First Snow

An occasion for reflection and gratitude

Over the twenty-eight years that I’ve been a naturalized New Englander, I’ve developed a personal tradition: every year, I must artisanally hand-shovel the first snowfall. In fact, I try to avoid using a gasoline-powered snowblower for as long as I can into the season. This ceases to be practical after the second or third foot of snow has fallen in as many weeks, which eventually does happen.

This year the first real snowfall came pretty late—December 28th. (I’m not counting the flurries that flew early in October.) We didn’t get a deep accumulation—it was only three or four inches. But what little fell was wet, heavy as bricks, and covered with a brittle crust of ice, leading me to question the wisdom of shoveling the whole driveway by hand (and by back). But I forged ahead and did my work, and in the process reminded myself of why I had concocted my silly tradition in the first place.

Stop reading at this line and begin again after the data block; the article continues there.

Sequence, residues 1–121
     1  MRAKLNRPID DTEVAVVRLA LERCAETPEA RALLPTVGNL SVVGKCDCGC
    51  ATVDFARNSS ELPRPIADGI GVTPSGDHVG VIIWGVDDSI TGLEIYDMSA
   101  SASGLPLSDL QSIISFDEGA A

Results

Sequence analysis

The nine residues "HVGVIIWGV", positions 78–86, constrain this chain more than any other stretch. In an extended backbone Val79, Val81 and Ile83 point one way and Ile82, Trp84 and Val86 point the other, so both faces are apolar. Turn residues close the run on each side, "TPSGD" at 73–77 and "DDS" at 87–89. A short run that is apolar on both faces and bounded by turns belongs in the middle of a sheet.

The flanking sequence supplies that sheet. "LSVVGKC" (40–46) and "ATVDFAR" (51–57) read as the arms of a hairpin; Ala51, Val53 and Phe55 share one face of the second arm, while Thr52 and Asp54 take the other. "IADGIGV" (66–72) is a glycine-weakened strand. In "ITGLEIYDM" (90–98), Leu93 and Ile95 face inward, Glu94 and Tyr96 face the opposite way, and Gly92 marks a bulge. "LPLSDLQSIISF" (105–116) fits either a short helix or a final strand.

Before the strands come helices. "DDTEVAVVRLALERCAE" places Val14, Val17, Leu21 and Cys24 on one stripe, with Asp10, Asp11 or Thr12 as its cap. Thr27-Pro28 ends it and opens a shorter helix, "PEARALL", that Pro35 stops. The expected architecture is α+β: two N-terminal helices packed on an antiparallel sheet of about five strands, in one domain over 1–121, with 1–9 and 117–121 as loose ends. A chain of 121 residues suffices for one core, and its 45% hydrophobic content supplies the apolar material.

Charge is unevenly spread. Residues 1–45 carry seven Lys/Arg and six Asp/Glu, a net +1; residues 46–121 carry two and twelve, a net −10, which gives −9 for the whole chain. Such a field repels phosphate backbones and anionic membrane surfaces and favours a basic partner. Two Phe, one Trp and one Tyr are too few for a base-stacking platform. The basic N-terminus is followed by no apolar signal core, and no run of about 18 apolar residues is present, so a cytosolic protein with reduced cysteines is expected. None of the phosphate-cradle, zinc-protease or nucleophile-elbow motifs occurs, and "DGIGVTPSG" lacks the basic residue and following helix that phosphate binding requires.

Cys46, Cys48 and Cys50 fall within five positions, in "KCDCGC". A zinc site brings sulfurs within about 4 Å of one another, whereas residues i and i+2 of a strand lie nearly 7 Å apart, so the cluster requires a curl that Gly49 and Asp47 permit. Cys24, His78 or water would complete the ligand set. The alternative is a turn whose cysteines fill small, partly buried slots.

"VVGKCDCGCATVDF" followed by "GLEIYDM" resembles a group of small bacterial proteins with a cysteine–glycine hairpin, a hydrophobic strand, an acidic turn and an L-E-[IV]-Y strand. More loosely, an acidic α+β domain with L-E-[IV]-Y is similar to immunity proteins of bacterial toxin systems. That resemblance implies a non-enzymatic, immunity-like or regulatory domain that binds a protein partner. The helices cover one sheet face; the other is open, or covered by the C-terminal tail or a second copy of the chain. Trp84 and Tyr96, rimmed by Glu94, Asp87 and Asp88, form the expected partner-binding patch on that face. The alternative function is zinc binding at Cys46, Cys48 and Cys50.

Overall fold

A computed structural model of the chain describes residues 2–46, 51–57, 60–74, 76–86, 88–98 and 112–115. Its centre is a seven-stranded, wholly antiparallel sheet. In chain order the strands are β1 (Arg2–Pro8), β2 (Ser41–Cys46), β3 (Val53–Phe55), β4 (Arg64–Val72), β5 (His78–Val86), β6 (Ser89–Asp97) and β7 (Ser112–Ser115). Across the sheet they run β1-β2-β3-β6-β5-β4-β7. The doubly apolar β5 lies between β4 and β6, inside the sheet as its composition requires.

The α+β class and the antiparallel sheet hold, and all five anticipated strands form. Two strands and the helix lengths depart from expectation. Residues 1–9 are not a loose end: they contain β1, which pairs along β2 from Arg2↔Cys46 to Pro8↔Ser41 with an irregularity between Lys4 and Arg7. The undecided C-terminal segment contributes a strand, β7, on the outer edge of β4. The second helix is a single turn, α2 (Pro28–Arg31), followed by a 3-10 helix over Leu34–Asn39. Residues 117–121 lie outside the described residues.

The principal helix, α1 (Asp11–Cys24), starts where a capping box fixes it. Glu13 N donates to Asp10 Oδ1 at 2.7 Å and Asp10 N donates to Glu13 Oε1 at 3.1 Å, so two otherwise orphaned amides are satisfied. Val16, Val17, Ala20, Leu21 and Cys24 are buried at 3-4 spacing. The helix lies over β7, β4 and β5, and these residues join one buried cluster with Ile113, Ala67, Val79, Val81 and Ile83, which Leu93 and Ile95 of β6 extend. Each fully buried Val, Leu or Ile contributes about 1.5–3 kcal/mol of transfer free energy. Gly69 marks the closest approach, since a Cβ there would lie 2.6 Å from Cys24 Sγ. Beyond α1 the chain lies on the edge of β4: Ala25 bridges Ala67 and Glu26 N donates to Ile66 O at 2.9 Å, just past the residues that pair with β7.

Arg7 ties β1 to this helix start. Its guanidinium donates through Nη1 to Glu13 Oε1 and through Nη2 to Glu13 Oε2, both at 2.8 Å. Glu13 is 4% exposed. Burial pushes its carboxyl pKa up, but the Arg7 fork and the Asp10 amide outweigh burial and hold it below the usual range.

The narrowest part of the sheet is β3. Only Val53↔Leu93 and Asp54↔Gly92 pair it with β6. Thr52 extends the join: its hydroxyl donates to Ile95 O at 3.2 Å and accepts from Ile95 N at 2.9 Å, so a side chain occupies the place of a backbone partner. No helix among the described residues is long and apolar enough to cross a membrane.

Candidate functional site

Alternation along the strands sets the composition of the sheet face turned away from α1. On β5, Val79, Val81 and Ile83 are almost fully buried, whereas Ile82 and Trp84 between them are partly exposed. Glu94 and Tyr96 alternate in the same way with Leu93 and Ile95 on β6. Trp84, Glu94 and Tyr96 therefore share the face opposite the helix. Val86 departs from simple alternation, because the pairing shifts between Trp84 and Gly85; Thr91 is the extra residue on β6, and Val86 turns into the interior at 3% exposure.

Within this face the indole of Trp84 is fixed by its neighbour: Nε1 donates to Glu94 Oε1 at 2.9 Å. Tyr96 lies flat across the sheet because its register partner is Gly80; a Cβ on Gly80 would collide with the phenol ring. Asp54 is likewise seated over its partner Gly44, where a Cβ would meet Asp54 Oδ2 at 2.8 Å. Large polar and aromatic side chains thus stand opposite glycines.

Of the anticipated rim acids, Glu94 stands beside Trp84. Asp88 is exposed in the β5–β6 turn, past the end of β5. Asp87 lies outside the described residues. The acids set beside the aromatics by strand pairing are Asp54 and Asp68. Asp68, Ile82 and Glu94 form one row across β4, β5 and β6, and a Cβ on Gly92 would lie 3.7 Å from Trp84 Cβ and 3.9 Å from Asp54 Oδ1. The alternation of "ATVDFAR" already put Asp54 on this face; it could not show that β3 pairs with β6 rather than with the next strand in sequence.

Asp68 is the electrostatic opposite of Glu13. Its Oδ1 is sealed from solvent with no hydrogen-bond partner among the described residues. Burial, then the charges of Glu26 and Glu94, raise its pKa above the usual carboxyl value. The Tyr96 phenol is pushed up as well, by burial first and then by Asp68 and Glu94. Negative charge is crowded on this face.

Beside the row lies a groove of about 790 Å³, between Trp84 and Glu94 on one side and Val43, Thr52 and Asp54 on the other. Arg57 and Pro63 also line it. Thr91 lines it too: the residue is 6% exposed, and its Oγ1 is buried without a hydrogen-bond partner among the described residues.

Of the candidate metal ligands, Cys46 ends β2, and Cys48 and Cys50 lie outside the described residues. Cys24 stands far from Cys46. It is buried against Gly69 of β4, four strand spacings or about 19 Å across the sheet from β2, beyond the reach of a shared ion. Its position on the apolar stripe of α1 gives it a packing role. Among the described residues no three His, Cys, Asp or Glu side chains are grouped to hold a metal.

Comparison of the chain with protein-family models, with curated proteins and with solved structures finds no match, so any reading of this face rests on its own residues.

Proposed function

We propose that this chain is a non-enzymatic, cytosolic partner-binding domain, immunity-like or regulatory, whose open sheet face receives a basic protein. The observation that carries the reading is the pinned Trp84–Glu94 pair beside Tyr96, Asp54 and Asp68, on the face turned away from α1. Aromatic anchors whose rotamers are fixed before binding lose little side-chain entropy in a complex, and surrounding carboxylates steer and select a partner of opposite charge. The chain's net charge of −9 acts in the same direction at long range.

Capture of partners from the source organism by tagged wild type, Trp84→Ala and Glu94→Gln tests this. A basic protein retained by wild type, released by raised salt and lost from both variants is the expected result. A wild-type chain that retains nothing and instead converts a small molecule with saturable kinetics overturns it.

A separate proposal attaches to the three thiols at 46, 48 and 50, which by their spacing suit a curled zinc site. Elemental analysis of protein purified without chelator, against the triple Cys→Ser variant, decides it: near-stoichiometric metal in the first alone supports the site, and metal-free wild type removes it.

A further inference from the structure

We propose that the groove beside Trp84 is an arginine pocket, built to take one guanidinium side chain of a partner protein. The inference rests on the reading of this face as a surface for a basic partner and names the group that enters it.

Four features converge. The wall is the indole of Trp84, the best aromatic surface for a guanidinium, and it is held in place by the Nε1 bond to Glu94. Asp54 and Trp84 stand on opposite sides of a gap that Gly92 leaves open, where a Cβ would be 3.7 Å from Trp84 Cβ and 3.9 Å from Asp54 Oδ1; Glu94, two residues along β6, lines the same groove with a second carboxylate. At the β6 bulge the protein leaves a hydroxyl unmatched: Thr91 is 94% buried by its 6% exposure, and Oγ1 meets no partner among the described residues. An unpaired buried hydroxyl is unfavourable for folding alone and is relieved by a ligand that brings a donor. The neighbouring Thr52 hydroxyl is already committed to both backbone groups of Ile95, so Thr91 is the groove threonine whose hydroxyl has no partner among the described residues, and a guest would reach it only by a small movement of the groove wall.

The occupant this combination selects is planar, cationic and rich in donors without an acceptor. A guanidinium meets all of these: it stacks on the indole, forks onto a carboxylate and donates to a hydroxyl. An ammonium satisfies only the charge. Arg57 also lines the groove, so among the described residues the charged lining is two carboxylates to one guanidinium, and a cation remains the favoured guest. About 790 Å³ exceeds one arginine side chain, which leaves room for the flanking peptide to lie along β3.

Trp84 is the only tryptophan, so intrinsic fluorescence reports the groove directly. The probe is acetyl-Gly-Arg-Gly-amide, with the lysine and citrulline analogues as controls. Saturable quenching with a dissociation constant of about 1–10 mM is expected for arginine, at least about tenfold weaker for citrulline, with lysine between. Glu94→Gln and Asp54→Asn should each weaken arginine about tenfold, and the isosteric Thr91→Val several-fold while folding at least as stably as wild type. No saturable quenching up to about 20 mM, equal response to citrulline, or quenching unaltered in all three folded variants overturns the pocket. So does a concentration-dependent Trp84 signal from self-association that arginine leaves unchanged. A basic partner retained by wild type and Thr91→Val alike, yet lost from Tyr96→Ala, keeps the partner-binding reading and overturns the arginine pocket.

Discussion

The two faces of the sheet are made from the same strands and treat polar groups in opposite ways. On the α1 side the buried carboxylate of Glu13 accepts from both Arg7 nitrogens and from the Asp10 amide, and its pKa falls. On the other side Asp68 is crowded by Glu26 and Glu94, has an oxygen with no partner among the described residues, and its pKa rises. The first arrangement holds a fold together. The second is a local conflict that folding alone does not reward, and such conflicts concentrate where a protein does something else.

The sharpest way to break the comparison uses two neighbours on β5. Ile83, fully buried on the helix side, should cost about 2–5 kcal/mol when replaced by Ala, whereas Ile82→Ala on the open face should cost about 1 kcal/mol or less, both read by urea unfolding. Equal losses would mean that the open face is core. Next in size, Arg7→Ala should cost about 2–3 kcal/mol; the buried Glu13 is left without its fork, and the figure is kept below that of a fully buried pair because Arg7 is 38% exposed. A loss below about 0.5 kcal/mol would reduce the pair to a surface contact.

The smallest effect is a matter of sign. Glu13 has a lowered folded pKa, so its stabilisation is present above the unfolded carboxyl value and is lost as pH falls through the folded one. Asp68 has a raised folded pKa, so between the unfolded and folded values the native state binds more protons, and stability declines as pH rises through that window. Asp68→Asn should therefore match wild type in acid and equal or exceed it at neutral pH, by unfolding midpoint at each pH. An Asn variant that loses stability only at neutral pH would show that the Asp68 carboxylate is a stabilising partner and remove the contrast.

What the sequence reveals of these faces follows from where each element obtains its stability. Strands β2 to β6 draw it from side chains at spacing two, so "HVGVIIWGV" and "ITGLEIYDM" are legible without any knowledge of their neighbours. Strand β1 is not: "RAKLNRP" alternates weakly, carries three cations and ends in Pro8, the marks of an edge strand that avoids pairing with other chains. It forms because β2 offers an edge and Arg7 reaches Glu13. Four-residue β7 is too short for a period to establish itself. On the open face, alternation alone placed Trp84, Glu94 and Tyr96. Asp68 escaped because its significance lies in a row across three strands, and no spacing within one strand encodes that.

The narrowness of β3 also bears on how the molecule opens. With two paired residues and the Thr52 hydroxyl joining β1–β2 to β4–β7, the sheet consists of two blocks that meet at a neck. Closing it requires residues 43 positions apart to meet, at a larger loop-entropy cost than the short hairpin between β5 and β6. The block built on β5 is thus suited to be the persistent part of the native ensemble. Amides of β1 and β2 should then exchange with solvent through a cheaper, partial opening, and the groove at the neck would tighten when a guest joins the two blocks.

It had something to do with being rugged and stoic in the face of daunting odds and conditions, which I’ve romanticized as a New England trait. It also puts me in touch with an earlier, more thoughtful, less mechanized way of doing things. We live in such a privileged, materialistic society that makes it so easy to step on a pedal and end up miles from where we were half an hour ago. In this light, I think it is so important to maintain a perspective that honors the laws of physics and the idea that what goes up must come down. Whatever seems easy (like pushing a button and starting an orange robot that makes easy work of snow removal) must be paid for somewhere else in the universe, probably by some innocent butterfly whose only crime was flapping its wings.